The Wave Project expands to Dorset thanks to £10,000 from NHS
A Truro charity which uses surfing as a form of therapy for children has teamed up with a health initiative in Dorset to take their work further afield.
The Wave Project has received £10,000 in funding from Dorset HealthCare to run a pilot surfing project in Dorset to help children and young people.
It is the first time the NHS has funded such a project in Dorset and it is hoped the pilot will provide a blueprint for future schemes using surfing as a form of mental health therapy.
The project was unveiled yesterday on World Suicide Prevention Day which seeks to raise awareness of mental health issues and reduce the number of suicides globally.
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Wave Project chief executive Joe Taylor explains: “The involvement of a respected NHS Trust in this pilot is an important signal of how interventions such as surfing are being taken seriously as innovative ways of improving mental health.
“Our work over the past three years demonstrates that a combination of surfing and peer-mentoring helps children and young people overcome core problems such as low confidence, poor self-esteem and anxiety - which are often the building blocks of mental illness.”
The Wave Project uses a combination of professional surf instructors and volunteer peer mentors to run lessons for young people with diagnosed mental health needs. Clients meet in small groups at a surf school and are allocated their own mentor who helps them learn to surf and overcome barriers to enable them to enjoy a fun experience.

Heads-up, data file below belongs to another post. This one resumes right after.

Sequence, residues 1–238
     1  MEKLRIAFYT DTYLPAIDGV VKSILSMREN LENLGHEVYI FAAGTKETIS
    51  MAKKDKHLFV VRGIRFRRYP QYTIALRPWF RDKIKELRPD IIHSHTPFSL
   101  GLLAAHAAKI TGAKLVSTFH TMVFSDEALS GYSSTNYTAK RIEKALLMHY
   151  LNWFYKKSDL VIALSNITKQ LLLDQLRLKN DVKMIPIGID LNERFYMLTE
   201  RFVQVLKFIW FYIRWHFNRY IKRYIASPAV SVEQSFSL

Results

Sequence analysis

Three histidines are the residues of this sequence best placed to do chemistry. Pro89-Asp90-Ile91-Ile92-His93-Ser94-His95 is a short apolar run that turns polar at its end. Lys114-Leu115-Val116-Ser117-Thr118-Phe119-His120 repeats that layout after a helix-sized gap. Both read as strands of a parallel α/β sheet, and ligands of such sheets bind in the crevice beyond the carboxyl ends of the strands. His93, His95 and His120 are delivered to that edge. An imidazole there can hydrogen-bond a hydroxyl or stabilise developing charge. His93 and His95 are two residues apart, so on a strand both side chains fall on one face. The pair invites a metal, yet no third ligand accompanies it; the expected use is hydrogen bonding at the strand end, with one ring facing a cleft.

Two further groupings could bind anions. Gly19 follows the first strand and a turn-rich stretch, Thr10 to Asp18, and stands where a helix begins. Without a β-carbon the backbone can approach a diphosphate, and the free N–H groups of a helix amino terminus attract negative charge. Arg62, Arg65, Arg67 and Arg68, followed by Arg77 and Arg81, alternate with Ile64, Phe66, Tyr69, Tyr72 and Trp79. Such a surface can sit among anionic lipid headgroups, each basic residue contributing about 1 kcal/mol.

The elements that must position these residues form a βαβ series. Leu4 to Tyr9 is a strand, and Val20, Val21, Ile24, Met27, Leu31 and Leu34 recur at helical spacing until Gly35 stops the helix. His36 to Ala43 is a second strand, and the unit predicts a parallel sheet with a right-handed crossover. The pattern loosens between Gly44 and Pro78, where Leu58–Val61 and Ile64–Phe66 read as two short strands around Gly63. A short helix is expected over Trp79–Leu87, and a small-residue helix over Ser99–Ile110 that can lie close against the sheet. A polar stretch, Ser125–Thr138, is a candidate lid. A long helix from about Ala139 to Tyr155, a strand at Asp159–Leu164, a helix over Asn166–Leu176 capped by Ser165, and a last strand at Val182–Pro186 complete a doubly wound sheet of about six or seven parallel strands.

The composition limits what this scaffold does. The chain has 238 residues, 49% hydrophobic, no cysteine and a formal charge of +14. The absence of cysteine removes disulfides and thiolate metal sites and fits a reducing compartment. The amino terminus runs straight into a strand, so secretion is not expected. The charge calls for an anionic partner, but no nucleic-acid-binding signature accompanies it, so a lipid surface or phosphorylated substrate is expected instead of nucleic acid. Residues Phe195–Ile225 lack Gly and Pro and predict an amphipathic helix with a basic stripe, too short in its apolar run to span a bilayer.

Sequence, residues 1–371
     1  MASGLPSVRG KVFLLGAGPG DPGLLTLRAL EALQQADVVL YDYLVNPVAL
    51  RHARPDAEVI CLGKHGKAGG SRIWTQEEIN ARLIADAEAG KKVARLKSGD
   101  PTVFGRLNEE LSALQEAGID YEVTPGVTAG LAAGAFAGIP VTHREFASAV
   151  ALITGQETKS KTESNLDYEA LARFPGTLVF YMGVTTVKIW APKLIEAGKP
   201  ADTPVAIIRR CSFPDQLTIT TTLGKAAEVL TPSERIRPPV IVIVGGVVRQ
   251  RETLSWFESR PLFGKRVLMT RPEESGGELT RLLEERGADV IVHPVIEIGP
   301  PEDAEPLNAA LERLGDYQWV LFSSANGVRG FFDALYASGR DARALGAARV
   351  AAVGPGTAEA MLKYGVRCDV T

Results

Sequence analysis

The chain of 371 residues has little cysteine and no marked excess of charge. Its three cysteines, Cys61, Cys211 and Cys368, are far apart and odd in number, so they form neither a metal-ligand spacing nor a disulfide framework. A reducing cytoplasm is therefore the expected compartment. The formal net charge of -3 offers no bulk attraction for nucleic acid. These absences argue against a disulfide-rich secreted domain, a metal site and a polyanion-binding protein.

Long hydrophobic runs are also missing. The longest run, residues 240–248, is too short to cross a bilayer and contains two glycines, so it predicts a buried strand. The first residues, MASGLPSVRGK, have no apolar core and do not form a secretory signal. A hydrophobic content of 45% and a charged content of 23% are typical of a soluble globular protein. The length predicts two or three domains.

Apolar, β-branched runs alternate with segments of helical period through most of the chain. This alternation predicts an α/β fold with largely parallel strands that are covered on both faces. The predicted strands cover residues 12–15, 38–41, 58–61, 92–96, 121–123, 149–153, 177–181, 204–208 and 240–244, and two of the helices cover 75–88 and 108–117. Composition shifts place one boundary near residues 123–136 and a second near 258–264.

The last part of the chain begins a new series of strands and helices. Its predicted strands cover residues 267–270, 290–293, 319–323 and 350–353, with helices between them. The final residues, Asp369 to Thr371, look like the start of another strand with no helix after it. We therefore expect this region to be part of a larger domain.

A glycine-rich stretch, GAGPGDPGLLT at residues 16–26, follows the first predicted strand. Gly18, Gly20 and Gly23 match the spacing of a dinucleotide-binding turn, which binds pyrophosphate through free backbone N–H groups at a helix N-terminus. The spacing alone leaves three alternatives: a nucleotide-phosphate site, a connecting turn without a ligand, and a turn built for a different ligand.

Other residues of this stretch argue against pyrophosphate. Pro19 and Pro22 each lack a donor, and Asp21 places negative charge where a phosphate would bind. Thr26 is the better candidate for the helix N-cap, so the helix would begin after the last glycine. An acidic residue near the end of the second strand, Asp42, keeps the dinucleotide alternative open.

Participants on the pilot scheme are all between 8 and 21 years of age, and have been referred into the scheme by professionals working in mental health and social services, primary schools and family services.
James Barton, director of mental health services at Dorset HealthCare, added: “There is a strong and well recognised correlation between physical wellbeing and mental wellbeing and, with our beautiful coastline in Dorset, this is an ideal initiative to appeal to young people who are displaying the early signs of mental health problems. By tackling such issues at the early stages, we can help to prevent greater problems arising in the future.”